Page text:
Shahin v. Delaware, 345 F. App’x 815, 817 (3d Cir. 2009) (per curiam).
As to the first Poulis factor, the extent of the party’s personal responsibility, it is Hague’s
sole responsibility to prosecute his case and comply with Court orders. See Briscoe v. Klaus,
538 F.3d 252, 258-59 (3d Cir. 2008) (explaining that “a pro se plaintiff is personally responsible
for complying with the court’s orders” and “it is logical to hold a pro se plaintiff personally
responsible for delays in his case because a pro se plaintiff is solely responsible for the progress
of his case”); Emerson v. Thiel Coll., 296 F.3d 184, 191 (3d Cir. 2002) (where litigant was
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proceeding pro se, any failure to comply with orders was attributable to him). The docket
reflects that the Court’s Orders were sent to Hague at the address he provided for service. The
Orders explicitly informed Hague that failure to comply with the Court’s directives could result
in dismissal of his case for failure to prosecute. However, Hague has not complied with the
Orders or otherwise communicated with the Court since he submitted his Complaint. This
factor, therefore, weighs in favor of dismissal.
The second factor, prejudice to the defendants, also weighs in favor of dismissal.
“Examples of prejudice include ‘the irretrievable loss of evidence, the inevitable dimming of
witnesses’ memories, or the excessive and possibly irremediable burdens or costs imposed on the
opposing party.’” Adams v. Trs. of N.J. Brewery Employees’ Pension Tr. Fund, 29 F.3d 863,
874 (3d Cir. 1994) (quoting Scarborough v. Eubanks, 747 F.2d 871 (3d Cir. 1984). “[W]hile
‘prejudice’ for the purpose of Poulis analysis does not mean ‘irremediable harm,’ the burden
imposed by impeding a party’s ability to prepare effectively a full and complete trial strategy is
sufficiently prejudicial.” Ware, 322 F.3d at 222. It is unclear how this case could proceed
without plaintiff’s participation. “Simply put, there is no way for Defendants to defend against
Plaintiff’s claims in his absence.” Stephen v. Att’y Gen., Civ. A. 18-615, 2020 WL 832914, at *3
(M.D. Pa. Jan. 10, 2020), report and recommendation adopted, 2020 WL 820192 (M.D. Pa. Feb.
19, 2020). Accordingly, requiring the Defendant to proceed in this context would be prejudicial.
The third factor, a history of dilatoriness, is neutral here. This factor must be assessed
over the lifetime of the case, keeping in mind that “conduct that occurs one or two times is
insufficient.” Briscoe, 538 F.3d at 261. While Hague has not shown a history of dilatoriness, his
failure to respond to three Court orders or otherwise communicate with the Court suggests an
intention to abandon this case.
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The fourth factor, whether plaintiff’s conduct was willful or in bad faith, is neutral. See
El-Hewie v. Paterson Pub. Sch. Dist., Civ. A. No. 13-5820, 2015 WL 5306255, at *4 (D.N.J.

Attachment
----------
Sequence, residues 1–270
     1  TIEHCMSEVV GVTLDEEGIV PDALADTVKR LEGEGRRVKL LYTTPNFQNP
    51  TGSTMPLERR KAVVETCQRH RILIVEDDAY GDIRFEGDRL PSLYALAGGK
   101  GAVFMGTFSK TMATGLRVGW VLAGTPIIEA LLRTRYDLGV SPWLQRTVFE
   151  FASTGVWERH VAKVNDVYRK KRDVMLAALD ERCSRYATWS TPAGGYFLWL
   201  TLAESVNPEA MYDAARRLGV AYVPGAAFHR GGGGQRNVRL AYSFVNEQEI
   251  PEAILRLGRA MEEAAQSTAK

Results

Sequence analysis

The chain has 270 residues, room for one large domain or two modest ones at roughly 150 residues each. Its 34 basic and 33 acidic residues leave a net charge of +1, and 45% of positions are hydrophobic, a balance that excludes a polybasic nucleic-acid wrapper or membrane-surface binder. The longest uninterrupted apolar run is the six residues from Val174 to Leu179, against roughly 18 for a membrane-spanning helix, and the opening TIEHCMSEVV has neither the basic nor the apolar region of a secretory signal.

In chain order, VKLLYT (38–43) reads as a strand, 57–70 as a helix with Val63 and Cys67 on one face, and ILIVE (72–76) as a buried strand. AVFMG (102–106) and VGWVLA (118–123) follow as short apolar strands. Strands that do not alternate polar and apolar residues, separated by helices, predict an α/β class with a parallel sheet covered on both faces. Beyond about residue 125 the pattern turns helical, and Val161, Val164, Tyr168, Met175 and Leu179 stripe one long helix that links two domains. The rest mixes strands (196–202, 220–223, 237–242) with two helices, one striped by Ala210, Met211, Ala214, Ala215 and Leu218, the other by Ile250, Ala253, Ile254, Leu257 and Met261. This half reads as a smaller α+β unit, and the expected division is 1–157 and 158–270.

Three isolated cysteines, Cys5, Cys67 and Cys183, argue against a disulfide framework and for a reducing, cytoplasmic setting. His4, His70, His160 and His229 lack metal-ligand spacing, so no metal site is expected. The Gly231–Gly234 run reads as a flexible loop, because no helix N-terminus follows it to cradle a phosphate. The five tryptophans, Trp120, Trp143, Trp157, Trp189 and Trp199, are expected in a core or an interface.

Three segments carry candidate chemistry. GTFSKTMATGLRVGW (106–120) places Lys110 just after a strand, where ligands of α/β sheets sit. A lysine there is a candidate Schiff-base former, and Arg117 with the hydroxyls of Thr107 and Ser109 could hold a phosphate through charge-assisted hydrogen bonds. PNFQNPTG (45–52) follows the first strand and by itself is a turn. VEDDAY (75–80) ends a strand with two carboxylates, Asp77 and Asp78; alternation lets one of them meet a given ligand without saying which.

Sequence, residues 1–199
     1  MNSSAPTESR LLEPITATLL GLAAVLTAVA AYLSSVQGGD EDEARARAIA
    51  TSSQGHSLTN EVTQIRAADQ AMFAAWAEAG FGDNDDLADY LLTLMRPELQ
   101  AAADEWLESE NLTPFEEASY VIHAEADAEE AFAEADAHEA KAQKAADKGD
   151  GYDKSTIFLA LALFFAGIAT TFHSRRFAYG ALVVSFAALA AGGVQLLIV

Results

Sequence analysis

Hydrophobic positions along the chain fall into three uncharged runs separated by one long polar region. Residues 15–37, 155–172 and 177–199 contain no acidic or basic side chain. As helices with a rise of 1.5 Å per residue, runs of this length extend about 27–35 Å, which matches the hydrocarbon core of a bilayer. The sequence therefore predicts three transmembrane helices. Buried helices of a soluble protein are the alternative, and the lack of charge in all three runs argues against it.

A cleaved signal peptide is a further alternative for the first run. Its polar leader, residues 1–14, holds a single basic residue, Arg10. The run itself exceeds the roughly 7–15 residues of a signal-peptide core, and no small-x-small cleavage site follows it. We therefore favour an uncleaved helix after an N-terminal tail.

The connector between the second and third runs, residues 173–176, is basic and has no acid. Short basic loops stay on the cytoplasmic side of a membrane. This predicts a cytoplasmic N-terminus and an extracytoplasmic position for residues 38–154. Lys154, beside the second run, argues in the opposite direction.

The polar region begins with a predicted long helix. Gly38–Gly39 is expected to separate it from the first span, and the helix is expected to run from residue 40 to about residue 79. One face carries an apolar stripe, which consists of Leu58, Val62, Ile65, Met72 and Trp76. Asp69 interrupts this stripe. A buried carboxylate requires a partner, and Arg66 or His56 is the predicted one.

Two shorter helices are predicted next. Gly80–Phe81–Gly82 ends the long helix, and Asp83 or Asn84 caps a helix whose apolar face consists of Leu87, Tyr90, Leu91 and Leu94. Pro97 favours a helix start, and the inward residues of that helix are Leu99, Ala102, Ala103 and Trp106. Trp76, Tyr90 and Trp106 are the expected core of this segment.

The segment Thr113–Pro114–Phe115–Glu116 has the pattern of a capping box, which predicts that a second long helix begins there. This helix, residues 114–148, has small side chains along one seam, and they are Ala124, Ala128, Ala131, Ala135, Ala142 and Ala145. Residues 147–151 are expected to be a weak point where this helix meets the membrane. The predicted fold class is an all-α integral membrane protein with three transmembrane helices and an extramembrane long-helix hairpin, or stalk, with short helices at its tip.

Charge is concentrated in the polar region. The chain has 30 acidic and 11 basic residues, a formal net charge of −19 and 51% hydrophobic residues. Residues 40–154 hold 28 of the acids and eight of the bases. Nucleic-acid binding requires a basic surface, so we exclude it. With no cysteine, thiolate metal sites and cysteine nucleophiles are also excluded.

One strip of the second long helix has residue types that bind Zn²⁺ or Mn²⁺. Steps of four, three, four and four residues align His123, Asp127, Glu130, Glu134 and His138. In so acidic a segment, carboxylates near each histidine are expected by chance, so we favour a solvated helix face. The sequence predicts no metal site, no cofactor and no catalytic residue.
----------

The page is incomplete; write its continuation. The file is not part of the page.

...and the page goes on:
Sept. 10, 2015) (where a litigant “has been silent, and that silence is ambiguous” the court could
not conclude that litigant acted willfully or in bad faith for purposes of the fourth Poulis factor).
On this record, Hague’s non-responsiveness is more consistent with negligence or inadvertence
as opposed to bad faith.
An examination of the fifth factor, the effectiveness of sanctions other than dismissal,
reveals that no other sanction would be effective because Hague is proceeding pro se, may be
unable to pay monetary sanctions given his request to proceed in forma pauperis, and it would be
difficult to impose another sanction given Hague’s non-responsiveness. See Adonai-Adoni v.
King, 506 F. App’x 116, 119 (3d Cir. 2012) (per curiam) (“Because Adonai–Adoni proceeded
pro se and in forma pauperis, monetary sanctions were not a viable form of alternative
sanction.”); King v. Galano, Civ. A. No. 14-1691, 2015 WL 6523459, at *3 (D.N.J. Oct. 28,
2015) (“Plaintiff’s history of nonparticipation and noncompliance in this matter suggests that
alternative sanctions would be futile.”).
Lastly, regarding the sixth factor, a claim is considered meritorious when the allegations
of the complaint, if established at trial, would support recovery. See Poulis, 747 F.2d at 869-70.
Hague asserts generalized employment discrimination claims, the bases for which are not clear
from his Complaint. At this early stage of the litigation, it is possible that at least some of
Hague’s claims have merit, although his vague claims are not plausible as currently pled.
However, a plaintiff must pursue his claims, rather than abandon them, if he is to recover.
Hague’s conduct is simply “incompatible with maintaining a lawsuit.” Stephen, 2020 WL
832914, at *4; Smith v. Atlas Fitness Inc. Sys., Civ. A No. 10-1021, 2011 WL 3608601, at *3
(M.D. Pa. July 20, 2011) (“Since no party is actively litigating this case at present it is
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impossible to assess what merit, if any, there may be to these claims.”), report and
recommendation adopted, 2011 WL 3608594 (M.D. Pa. Aug. 16, 2011).
In sum, upon balancing the Poulis factors, the Court finds that they weigh in favor of
dismissing this action pursuant to Federal Rule of Civil Procedure 41(b) due to Hague’s failure
to prosecute. Simply put, there is no way for this litigation to progress without Hague’s
participation. An Order follows, which dismisses this case.
BY THE COURT:
/s/ Hon. C. Darnell Jones II
C. DARNELL JONES, II, J.